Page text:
On the other hand, the Aeneid has no such restrictions on passion. When Dido cannot comprehend the reason behind Aeneas' departure - the destiny to raise a new race of conquerors, the Romans -, "the book is dominated by a series of passionate speeches by Dido, of reproach, entreaty, bitterness, [and] curses" (Boardman, Griffin, Murray p.221). After Aeneas leaves Carthage, Dido searches for all his leftover belongings and dramatically builds a pyre, on which she places herself and lets Aeneas' dagger end her life. Just as her passionate love and the flowing expression of such emotion, the pyre burns furiously and vehemently. Even Aeneas, sailing away from Carthage, sees the flickering red dot. These comparisons provide that first, the Roman-portrayed woman, Dido, is more in control of her fate than the Greek-portrayed woman, Calypso, since the former can even choose to die while the latter is only bound to commands. Secondly, they illustrate that the range of emotions women could express grew from the two-dimensional version of the Greeks, in which emotions stayed rather primitive and simple, to the three-dimensional version of the Romans, in which women were depicted as the complicated beings they truly are. In conclusion, the Roman society granted much more freedom to women to truly find themselves, to have passion for what they have found and to express that passion, than the restricted Greek society that only calculated and limited what the ideal women could feel and express.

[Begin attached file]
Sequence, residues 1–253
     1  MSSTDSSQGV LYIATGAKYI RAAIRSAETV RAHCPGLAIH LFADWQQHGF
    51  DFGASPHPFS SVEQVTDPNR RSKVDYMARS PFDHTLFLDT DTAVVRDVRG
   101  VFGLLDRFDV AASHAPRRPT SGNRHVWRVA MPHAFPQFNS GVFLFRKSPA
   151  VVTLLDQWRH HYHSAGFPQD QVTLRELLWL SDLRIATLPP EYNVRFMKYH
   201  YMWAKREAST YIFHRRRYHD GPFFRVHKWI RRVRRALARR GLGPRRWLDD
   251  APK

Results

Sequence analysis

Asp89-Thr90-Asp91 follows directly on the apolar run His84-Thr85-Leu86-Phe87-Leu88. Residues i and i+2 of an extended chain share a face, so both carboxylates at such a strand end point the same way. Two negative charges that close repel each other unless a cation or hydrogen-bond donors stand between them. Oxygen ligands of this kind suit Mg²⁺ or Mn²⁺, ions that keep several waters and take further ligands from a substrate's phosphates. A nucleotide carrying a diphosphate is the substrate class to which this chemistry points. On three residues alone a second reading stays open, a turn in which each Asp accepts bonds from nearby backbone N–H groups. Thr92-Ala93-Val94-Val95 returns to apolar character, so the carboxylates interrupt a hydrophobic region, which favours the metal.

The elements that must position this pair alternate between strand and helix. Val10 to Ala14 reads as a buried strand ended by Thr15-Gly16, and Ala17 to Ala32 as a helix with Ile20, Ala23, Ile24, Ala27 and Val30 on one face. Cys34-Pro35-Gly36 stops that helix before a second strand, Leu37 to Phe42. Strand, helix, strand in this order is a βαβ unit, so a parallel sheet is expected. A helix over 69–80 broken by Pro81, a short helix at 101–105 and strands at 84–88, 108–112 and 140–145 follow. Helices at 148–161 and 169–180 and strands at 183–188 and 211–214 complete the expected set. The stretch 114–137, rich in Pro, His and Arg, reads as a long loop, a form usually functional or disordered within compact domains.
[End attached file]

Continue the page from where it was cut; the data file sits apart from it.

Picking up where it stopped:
V. The Status of Women in Greek and Roman Society


            References about the classical world should always be approached with caution. Even the Odyssey and the Aeneid are biased references, written by men who were single-mindedly interested in warfare, the ruling class and the prosperity of their nations. The only other method to make knowledge of the classical culture, then, is to study archeological finds : the grave inscriptions, burial artifacts and fresco paintings etc. Accompanied with such additional information, the Greek woman and the Roman woman emerge, once again, shockingly distinguishing themselves with their limitations and freedom.